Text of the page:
Reading the future

Will print books still be relevant for digital natives? Or to put it more simply, is the print book dead? I think we have moved on from a time when this was seriously considered to be the case, but why is it still often believed to be the case? And have we even reached a point where a print versus electronic debate is obsolete?

Springer Nature has been offering all of its books in both print and digital format for more than 10 years now and we invested early in digitising our entire back catalogue. This has enabled us to study reader behaviour and find out that, in the case of academic books at least, people are not wedded to one format or another—print or digital—but in fact pick the format depending on their specific learning situations. So can this help us to develop new formats and products that address such individual situations?

As the largest academic book publisher, we want to be at the forefront when it comes to developing new formats—whether we are helping students learn more effectively or researchers understand more quickly. To do this we need to know what the optimum way is to present book content to our brains. In order to get more and better insights, we are closely following a new area of interdisciplinary research that explores “reading success” of books. It aims to identify if there are differences in the amount of content that you can memorise depending on the format in which you read it. For example, experiments show that readers score better in a test about how much they remember when they read a printed book in comparison to a tablet or e-book version.

The reason for this seems to be that, at least in part, reading is a relatively new skill for the brain, compared to other tasks that the brain has been optimising already for millions of years. The first alphabets date back no more than 6,000 years, and for most of this time a large majority of people were illiterate; for most of human history our brain was not adapted for specialised skills such as reading texts. Even today, we seem to use the parts of our brain primarily responsible for spatial orientation when we are reading.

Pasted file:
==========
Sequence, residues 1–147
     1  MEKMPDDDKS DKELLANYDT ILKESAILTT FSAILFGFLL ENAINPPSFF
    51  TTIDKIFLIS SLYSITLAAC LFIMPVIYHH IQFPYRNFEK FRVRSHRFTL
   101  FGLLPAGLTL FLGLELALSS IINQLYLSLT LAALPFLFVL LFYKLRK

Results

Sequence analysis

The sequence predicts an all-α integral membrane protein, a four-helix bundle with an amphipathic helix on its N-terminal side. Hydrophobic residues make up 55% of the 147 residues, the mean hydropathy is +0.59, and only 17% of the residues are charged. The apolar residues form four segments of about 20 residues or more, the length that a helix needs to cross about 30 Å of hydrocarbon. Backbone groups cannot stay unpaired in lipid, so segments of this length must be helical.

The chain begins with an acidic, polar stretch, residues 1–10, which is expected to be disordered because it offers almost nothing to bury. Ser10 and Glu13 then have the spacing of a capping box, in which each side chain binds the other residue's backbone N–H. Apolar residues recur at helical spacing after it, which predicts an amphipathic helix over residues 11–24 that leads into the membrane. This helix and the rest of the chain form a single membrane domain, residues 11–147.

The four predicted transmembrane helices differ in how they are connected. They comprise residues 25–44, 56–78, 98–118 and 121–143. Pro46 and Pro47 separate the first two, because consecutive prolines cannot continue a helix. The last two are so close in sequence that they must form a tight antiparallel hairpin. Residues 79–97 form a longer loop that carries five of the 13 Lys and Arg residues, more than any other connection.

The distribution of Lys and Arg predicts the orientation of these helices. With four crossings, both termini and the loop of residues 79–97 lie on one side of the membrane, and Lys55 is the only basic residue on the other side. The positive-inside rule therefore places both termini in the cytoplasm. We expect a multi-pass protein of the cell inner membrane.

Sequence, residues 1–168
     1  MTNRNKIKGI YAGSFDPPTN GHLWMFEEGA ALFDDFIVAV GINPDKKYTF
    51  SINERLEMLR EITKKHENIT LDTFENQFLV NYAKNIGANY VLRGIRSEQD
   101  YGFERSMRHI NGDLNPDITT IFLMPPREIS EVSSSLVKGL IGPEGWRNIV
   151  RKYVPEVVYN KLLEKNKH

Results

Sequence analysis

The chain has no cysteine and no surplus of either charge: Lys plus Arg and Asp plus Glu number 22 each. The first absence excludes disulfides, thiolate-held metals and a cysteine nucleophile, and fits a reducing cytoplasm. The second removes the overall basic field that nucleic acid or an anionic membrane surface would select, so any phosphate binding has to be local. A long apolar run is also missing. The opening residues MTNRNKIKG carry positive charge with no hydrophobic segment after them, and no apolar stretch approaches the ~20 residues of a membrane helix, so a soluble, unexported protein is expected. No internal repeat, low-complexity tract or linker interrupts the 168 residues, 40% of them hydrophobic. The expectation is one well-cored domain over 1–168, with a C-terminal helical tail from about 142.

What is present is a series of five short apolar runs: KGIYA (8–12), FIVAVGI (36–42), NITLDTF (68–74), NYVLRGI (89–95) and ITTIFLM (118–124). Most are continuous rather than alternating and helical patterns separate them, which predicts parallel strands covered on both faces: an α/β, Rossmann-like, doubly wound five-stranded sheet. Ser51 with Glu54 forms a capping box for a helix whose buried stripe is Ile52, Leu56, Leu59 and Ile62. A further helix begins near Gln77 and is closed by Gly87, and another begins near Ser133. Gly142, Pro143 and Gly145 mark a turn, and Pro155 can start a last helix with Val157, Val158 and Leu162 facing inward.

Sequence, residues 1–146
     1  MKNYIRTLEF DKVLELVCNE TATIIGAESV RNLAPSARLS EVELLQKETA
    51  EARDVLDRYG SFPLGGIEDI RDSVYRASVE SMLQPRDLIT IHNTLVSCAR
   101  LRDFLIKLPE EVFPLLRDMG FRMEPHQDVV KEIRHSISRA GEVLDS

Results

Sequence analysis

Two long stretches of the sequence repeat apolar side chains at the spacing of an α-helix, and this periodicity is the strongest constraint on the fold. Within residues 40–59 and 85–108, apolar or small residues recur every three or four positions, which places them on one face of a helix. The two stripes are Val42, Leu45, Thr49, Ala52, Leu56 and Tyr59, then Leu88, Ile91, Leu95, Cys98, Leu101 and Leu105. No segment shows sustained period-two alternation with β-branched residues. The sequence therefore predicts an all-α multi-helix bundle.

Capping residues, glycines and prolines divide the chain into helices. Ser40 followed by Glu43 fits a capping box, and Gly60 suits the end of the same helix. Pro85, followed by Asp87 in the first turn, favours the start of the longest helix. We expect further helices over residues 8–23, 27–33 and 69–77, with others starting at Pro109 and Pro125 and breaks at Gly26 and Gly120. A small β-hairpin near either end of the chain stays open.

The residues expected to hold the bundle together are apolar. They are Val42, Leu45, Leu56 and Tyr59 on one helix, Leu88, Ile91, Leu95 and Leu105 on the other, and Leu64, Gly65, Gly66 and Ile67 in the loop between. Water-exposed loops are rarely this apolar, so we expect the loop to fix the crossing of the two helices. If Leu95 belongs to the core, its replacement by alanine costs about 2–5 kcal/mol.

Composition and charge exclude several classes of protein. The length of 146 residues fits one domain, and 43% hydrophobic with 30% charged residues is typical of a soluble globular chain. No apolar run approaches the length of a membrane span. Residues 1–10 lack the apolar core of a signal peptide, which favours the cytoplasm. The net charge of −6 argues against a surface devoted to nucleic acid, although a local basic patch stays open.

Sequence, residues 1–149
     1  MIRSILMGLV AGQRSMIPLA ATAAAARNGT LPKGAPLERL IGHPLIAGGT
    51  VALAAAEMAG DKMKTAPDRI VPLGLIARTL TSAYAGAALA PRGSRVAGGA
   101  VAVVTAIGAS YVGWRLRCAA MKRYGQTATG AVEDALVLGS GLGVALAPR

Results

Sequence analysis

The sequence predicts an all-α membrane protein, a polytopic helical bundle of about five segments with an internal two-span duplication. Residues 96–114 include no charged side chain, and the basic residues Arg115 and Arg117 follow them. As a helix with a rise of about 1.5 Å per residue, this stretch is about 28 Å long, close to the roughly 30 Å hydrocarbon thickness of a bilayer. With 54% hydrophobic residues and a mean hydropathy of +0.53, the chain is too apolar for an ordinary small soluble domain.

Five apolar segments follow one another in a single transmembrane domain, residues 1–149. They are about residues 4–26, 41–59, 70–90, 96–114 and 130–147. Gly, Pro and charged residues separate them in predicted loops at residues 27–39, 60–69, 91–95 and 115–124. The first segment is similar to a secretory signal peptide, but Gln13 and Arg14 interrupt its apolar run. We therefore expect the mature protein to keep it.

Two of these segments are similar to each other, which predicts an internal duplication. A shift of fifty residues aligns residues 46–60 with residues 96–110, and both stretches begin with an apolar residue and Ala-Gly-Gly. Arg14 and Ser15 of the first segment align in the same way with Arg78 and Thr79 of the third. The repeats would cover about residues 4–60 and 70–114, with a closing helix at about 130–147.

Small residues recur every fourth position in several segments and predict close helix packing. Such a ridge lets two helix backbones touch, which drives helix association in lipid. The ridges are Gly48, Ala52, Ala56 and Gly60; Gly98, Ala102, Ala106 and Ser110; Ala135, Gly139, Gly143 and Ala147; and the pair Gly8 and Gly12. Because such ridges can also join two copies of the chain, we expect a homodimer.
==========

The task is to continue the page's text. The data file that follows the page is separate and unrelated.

At Springer Nature we are keen to use this research to develop new book formats that may help increase the capacity for us to retain the information we read. One example of this is “virtual reading”. It is early days and the technology is not yet mature, but it is developing at a rapid pace, with first results showing that reading books in the future might indeed be in virtual or augmented reality settings.

This may be because print book content is “immobile”; it is fixed in a physical form and research shows that, in some specific learning situations, students who study with a print book score better in their exams than those who read from a small-screen PDF. One explanation for this is that reading in print resonates better with our spatial orientation and memory.

While the introduction of electronic book formats has enabled us to experience book content in a more fluid and flexible way, something which clearly brings many advantages, research has also found that when users scroll up and down to read a text, they have less spatial orientation and may not be using the full capacity of their brains.

Reading in virtual reality, however, has the possibility to combine the positive elements of both print and electronic book formats. Its 360-degree format enables readers to view multiple pages simultaneously without interrupting the reading flow through page turning or scrolling.

Greater possibilities

This is because in a virtual reality environment the reader can be shown many pages at the same time, with the full text being readable simply by a movement of the head. Further experiments are under way to see whether, for some texts, reading in such an environment—one where a user’s brains are able to better orient them within the text with a simple turn of the head in the right direction—will further enhance our ability to read faster and memorise quicker, as opposed to scrolling, which results in a greater loss of focus. First results seem to be very promising.

As said earlier, we are still at a very early stage in finding new ways and technologies that help readers to more quickly access and memorise the content they are reading. We are now using this research to experiment with new ways of displaying book content that builds on the strengths of both e-books and print books. As a result, these are exciting times for the book and for us at Springer Nature.

Niels Peter Thomas is chief book strategist at Springer Nature. He will be participating in an EdTech panel discussion entitled Techmate: Education and Technology at the FutureBook Live conference in London on 30th November.